The First State of Being

Available

Product Details

Price
$19.99  $18.59
Publisher
Greenwillow Books
Publish Date
Pages
272
Dimensions
5.43 X 8.35 X 1.18 inches | 0.88 pounds
Language
English
Type
Hardcover
EAN/UPC
9780063337312

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About the Author

Erin Entrada Kelly was awarded the Newbery Medal for Hello, Universe and a Newbery Honor for We Dream of Space. She grew up in Lake Charles, Louisiana, and now lives in Delaware. She is a professor of children's literature in the graduate fiction and publishing programs at Rosemont College, where she earned her MFA, and is on the faculty at Hamline University. Her short fiction has been nominated for the Philippines Free Press Literary Award for Short Fiction and the Pushcart Prize. Before becoming a children's author, Erin worked as a journalist and magazine editor and received numerous awards for community service journalism, feature writing, and editing from the Louisiana Press Association and the Associated Press.

Erin Entrada Kelly's debut novel, Blackbird Fly, was a Kirkus Best Book, a School Library Journal Best Book, an ALSC Notable Book, and an Asian/Pacific American Literature Honor Book. She is also the author of The Land of Forgotten Girls, winner of the Asian/Pacific American Award for Literature; You Go First, a Spring 2018 Indie Next Pick; Lalani of the Distant Sea, an Indie Next Pick; Those Kids from Fawn Creek, named to numerous best-of-the-year lists; and three acclaimed novels for younger readers, Maybe Maybe Marisol Rainey, Surely Surely Marisol Rainey, and Only Only Marisol Rainey, which she also illustrated. She lives in Delaware.

Reviews

"Kelly (also a Newbery medalist, for Hello, Universe) shines when acknowledging today's readers' justified fears while showing them that the key to surviving an uncertain road is traveling it in good company. As Ridge encourages Michael to occupy what he calls "the first state of being" -- focusing on the here and now, not fixating on a future we can't control -- Michael forges friendships and comes to accept that 'not knowing is part of life.'" -- New York Times Book Review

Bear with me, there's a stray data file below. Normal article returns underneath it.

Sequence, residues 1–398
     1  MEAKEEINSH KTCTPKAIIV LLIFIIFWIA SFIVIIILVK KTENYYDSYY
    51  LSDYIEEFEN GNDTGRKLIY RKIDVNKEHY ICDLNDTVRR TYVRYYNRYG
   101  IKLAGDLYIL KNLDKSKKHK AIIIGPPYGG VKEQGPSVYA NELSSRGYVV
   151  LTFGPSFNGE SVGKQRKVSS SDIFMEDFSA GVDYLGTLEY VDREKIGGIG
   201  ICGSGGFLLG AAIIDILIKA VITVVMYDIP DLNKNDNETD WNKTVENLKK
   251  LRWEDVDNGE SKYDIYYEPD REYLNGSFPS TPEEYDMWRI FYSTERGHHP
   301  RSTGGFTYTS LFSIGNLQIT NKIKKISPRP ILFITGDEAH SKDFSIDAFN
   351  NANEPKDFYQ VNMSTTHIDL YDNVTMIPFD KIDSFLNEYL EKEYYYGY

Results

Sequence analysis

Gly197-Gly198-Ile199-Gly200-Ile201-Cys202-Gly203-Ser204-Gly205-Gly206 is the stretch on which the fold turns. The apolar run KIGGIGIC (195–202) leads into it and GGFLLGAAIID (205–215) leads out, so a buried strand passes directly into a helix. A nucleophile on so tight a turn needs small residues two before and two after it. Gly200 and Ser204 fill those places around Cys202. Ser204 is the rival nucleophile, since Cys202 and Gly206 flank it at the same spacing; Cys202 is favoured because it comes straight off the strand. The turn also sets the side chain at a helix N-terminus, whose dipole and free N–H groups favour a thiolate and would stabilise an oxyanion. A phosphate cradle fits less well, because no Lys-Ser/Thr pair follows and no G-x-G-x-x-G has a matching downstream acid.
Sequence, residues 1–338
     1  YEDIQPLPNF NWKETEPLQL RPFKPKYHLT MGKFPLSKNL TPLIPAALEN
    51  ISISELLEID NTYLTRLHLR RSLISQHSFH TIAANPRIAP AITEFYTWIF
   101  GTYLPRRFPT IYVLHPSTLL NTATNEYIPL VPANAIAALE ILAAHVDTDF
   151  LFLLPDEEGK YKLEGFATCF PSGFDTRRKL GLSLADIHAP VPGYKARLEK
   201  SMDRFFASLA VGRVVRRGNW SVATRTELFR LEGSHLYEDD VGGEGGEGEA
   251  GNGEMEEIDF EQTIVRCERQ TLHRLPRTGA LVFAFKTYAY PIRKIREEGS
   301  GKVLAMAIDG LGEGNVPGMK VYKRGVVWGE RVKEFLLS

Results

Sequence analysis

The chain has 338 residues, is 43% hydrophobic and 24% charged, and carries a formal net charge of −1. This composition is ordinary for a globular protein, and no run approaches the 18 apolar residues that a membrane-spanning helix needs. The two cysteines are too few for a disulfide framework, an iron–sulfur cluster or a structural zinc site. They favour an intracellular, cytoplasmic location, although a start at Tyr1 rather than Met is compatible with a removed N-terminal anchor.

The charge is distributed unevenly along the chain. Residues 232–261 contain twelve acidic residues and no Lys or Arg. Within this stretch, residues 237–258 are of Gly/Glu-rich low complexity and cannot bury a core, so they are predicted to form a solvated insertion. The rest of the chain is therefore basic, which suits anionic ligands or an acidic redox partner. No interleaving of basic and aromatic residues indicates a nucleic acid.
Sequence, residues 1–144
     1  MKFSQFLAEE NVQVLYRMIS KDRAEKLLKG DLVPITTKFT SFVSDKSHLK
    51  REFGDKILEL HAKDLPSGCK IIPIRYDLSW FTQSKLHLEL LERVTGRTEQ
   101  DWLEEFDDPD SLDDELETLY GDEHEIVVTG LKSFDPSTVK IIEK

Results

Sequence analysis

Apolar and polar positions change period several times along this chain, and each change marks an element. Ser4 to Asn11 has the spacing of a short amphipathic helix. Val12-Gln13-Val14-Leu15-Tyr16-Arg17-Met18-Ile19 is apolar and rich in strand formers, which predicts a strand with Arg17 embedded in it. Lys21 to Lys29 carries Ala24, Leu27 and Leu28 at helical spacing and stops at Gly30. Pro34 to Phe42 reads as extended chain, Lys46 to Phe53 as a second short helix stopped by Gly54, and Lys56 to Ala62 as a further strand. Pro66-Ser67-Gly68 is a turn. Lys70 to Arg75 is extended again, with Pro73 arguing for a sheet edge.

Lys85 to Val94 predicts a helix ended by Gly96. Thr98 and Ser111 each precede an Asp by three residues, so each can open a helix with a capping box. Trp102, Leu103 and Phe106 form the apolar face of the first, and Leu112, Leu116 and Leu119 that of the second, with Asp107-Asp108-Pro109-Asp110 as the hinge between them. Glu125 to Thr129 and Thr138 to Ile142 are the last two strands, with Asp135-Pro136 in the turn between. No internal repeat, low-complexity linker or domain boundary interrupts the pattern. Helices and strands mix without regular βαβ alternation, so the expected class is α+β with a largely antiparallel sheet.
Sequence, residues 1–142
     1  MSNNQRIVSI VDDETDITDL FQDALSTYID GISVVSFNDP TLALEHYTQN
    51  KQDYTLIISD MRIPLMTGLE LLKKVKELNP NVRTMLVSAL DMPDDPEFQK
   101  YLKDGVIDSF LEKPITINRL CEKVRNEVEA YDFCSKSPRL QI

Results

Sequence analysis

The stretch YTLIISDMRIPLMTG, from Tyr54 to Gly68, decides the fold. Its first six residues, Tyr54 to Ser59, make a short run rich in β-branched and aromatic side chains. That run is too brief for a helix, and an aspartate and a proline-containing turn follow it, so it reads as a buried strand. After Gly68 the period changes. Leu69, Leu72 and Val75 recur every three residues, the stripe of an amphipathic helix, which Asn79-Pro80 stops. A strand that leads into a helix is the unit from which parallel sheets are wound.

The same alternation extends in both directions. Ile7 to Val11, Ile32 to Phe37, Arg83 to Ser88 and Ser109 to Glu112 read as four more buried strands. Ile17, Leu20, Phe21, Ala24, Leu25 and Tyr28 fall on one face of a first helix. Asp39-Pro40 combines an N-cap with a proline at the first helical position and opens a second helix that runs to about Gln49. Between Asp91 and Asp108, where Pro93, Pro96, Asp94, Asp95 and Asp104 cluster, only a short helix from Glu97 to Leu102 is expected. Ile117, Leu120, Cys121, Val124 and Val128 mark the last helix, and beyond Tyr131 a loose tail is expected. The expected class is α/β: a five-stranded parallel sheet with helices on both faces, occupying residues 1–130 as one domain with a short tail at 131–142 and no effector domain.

"This short but suspenseful novel is Rebecca Stead's When You Reach Me meets Tae Keller's Jennifer Chan is Not Alone. Though it takes place at the turn of the millennium, modern readers will be able to identify with Michael's anxieties over the future of the world, and find his journey compelling." -- BookPage (starred review)

"A teen time traveler from 2199 visits 1999 and befriends an endearing, anxious tween boy in this wholesome and splendidly entertaining middle-grade novel about embracing the unknown. Kelly has written one of the kindest boys in children's literature."
-- Shelf Awareness

"Kelly has deftly assembled a community of empathetically rendered characters, making this an enjoyable, uplifting reading experience. The elements of sci-fi will be enough to sate fans of the genre while remaining approachable for all audiences. A lovable cast buoys this time travel drama by one of the most reliable authors in children's literature." -- School Library Journal

"An epilogue reveals a delicious, thought-provoking twist on a question posed early on by Kelly: would the disruption of time influence past, present, or future events?" -- Publishers Weekly

"Kelly's memorable character development is on full display as anxious and sensitive Michael learns to embrace the present, while Ridge's charming misuse of slang adds humor to this amusing ride. A warmhearted blend of nostalgia and futurism." -- Kirkus Reviews

"Newbery winner Kelly gives us a time-travel book that stays grounded, despite the subject matter, and draws on the power of human connection through time and space . . . a solid emotional core will treat readers who love stories about found family and bravery, as well as those who would empathize with Michael's anxieties about the unknown future." -- Booklist

"Michael serves as an admirable foil to Ridge's privilege, and the book takes care to highlight his empathy as he struggles to figure out how to find and keep joy in a world filled with pain. Indeed, it is Michael--anxious, vulnerable, and ultimately brave--who will carry readers of all ages to the book's close." -- Bulletin of the Center for Children's Books